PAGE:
•here until the steak is cooked
and this on the basis of inade- Survey of. U. S. Press
Indicates Approval of
put Eichmann on trial was
"substantially, more affirmative
than negative," as reflected in
daily newspaper and magazine
editorials. Another finding dis-
closed by the survey was that
there is "a formidable reserve
of good will for Israel among
the general press, even on con-
troversial issues in which Is-
rael's position is not initially
The study found no apparent
differences in editorial approach
on the basis of geographical re-
gion or size of population
served. It noted, however, that
newspapers in the Middle West
tended to devote more space
to • ew co erage of the trial
in all sections of
ort nce of not
n religious press
had expressed a variety of
01 . 1 ions about the trial. It
hat the "p
ne" a i e of "
f low- eyed ho •
y to Is-
rael." Th •
rt found "a
to the trial," which
was most pronou
n local the few Christian leaders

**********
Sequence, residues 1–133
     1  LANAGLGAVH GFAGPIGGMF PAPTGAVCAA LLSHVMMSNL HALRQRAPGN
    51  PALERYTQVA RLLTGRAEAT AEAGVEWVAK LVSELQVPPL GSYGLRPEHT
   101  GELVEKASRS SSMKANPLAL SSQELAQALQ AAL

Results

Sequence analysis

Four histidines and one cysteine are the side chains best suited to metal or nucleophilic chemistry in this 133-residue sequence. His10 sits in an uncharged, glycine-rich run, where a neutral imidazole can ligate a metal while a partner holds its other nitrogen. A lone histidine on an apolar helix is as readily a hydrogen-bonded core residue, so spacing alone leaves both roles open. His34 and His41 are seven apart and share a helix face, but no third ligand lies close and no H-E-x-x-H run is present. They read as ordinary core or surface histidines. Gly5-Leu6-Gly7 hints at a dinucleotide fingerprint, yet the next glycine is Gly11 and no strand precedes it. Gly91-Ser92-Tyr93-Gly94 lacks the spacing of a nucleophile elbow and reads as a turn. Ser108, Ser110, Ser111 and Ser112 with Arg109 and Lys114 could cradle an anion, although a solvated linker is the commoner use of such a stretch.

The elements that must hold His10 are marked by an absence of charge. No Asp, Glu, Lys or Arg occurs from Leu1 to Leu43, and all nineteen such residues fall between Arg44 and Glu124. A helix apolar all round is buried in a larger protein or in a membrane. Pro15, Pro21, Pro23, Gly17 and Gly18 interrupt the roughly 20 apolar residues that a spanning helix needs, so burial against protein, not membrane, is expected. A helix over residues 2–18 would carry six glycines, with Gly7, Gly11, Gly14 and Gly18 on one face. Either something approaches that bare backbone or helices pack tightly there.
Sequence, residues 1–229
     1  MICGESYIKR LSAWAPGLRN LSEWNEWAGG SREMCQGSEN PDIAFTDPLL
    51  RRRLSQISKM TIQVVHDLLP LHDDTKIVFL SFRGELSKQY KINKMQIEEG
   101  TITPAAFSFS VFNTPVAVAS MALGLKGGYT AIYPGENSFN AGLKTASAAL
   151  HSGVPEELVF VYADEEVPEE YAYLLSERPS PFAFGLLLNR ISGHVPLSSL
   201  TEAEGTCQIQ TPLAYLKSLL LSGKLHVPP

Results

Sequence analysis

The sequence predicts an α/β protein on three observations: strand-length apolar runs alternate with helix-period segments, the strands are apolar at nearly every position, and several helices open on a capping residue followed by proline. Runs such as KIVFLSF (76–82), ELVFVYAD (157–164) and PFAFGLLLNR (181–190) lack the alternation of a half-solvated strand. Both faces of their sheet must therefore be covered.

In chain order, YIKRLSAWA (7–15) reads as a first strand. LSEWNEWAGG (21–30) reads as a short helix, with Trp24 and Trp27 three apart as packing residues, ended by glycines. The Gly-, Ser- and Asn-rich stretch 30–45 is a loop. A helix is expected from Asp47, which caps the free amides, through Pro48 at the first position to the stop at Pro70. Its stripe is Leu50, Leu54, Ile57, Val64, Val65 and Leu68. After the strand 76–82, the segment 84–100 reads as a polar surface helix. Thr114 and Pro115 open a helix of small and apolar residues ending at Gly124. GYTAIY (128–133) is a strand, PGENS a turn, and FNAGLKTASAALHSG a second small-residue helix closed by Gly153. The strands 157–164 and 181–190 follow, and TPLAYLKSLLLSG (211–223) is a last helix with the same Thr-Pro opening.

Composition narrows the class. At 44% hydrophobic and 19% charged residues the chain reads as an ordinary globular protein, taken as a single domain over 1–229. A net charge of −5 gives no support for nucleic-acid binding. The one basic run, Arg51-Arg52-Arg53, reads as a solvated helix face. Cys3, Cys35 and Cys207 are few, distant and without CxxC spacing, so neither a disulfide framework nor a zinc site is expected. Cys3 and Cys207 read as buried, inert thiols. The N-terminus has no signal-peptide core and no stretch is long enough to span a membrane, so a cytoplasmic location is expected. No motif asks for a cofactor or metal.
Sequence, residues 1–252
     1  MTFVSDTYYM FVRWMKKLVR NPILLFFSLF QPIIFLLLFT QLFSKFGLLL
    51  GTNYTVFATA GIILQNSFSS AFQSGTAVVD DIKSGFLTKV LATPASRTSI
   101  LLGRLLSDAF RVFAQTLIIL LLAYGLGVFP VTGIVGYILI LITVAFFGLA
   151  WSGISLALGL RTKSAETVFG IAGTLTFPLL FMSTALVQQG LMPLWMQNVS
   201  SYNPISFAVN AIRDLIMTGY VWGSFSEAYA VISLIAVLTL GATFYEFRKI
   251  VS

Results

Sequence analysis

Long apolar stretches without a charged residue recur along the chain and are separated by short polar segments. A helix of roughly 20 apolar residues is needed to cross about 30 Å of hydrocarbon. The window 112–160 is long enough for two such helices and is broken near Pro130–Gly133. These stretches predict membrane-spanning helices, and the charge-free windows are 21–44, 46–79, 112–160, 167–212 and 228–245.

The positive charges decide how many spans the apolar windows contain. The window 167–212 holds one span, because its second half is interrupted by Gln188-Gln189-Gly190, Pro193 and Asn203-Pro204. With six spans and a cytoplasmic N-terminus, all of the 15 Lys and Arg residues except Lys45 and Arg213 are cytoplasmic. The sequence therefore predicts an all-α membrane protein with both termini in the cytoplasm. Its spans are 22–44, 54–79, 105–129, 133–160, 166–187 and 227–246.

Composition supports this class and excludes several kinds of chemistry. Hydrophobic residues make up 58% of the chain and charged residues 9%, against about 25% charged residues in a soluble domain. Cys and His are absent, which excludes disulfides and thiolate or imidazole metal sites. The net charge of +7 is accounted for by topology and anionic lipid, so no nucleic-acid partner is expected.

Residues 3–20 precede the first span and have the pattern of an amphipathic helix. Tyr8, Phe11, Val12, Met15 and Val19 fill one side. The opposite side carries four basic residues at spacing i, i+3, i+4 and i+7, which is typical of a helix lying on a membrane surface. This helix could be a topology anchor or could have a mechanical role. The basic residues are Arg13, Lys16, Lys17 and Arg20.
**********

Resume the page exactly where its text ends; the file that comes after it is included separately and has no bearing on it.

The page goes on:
ch as the and publicly to defend
ic. as the proper forum f
al Catholic t
`editorialized in a
vein far di rent from that
cesan press, ag. tia
be found amo
cations," the report said.
The Protestant press was
"somewhat more receptive to
/Almost Everything in Wear,
the idea of the trial in Israel,
ing Apparel from Size 40
"although much of its interest
Extra Long to 66 Stout.
in the case had been devoted to
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Edition of Sokolow's
Work to Mark Yahrzeit
TEL AVIV, (JTA)—The 25th
anniversary of Dr. Nahum Soko-
low's death was marked with the
publication of a new three- vol-
ume edition—some 1,700 pages
—of the author's works.
The announcement of the pub-
lication by the Zionist Library
was made at a press conference
by Moshe Sharett, chairman of.
the Jewish Agency executive, and
Zvi Lurie, member of the Agency
executive. Editor of the three
volumes was Gershon Kessel.
Eichmann Trial Conduct
NEW YORK, (JTA)—A sur-
vey of American editorial opin-
ion on the Eichmann trial indi-
cates a "clear t'brisensus of ap-
proval" of Israel's conduct of
The study was made by the
American je w i s'h Congress,
which measured attitudes on
the trial expressed by daily
newspapers and magazines of
general interest; the Catholic
and Protestant religious press;
Negro newspapers; labor union
and veterans' publications; and
what it described as "the lun-
According to the survey, the
impact of Israel's decision to
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Eichmann's Book 'Reconstructed Events